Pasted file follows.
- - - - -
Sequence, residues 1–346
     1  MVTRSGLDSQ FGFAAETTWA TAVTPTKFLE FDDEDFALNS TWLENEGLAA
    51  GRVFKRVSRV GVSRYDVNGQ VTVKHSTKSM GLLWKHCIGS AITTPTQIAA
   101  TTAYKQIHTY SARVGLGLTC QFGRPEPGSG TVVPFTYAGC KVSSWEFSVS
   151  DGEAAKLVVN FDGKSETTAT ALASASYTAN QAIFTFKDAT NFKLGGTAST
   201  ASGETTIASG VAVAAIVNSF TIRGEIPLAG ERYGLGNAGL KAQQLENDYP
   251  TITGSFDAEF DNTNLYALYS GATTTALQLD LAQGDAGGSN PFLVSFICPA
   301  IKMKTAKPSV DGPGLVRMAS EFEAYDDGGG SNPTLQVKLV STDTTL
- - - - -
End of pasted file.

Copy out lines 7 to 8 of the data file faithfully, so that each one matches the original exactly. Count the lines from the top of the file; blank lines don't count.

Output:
   251  TITGSFDAEF DNTNLYALYS GATTTALQLD LAQGDAGGSN PFLVSFICPA
   301  IKMKTAKPSV DGPGLVRMAS EFEAYDDGGG SNPTLQVKLV STDTTL